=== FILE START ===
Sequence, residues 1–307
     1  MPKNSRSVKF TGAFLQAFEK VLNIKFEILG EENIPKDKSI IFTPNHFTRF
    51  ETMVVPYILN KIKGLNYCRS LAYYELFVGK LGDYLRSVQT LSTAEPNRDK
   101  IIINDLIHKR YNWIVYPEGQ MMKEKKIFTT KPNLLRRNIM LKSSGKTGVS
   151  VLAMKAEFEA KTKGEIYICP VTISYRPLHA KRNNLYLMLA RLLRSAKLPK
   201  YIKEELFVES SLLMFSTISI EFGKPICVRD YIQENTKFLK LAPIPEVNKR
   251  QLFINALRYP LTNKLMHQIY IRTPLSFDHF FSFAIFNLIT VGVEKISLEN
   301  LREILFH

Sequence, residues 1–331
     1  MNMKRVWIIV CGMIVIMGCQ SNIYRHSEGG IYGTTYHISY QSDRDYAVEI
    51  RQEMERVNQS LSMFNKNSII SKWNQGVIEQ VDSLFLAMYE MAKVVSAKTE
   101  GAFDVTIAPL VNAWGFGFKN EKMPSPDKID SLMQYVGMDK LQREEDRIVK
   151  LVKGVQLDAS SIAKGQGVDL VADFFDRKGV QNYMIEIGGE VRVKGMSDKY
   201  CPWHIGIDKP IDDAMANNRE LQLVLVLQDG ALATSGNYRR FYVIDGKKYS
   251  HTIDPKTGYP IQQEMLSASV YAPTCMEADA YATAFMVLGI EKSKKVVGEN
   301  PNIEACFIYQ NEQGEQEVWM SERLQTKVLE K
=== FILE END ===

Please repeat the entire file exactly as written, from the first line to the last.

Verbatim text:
Sequence, residues 1–307
     1  MPKNSRSVKF TGAFLQAFEK VLNIKFEILG EENIPKDKSI IFTPNHFTRF
    51  ETMVVPYILN KIKGLNYCRS LAYYELFVGK LGDYLRSVQT LSTAEPNRDK
   101  IIINDLIHKR YNWIVYPEGQ MMKEKKIFTT KPNLLRRNIM LKSSGKTGVS
   151  VLAMKAEFEA KTKGEIYICP VTISYRPLHA KRNNLYLMLA RLLRSAKLPK
   201  YIKEELFVES SLLMFSTISI EFGKPICVRD YIQENTKFLK LAPIPEVNKR
   251  QLFINALRYP LTNKLMHQIY IRTPLSFDHF FSFAIFNLIT VGVEKISLEN
   301  LREILFH

Sequence, residues 1–331
     1  MNMKRVWIIV CGMIVIMGCQ SNIYRHSEGG IYGTTYHISY QSDRDYAVEI
    51  RQEMERVNQS LSMFNKNSII SKWNQGVIEQ VDSLFLAMYE MAKVVSAKTE
   101  GAFDVTIAPL VNAWGFGFKN EKMPSPDKID SLMQYVGMDK LQREEDRIVK
   151  LVKGVQLDAS SIAKGQGVDL VADFFDRKGV QNYMIEIGGE VRVKGMSDKY
   201  CPWHIGIDKP IDDAMANNRE LQLVLVLQDG ALATSGNYRR FYVIDGKKYS
   251  HTIDPKTGYP IQQEMLSASV YAPTCMEADA YATAFMVLGI EKSKKVVGEN
   301  PNIEACFIYQ NEQGEQEVWM SERLQTKVLE K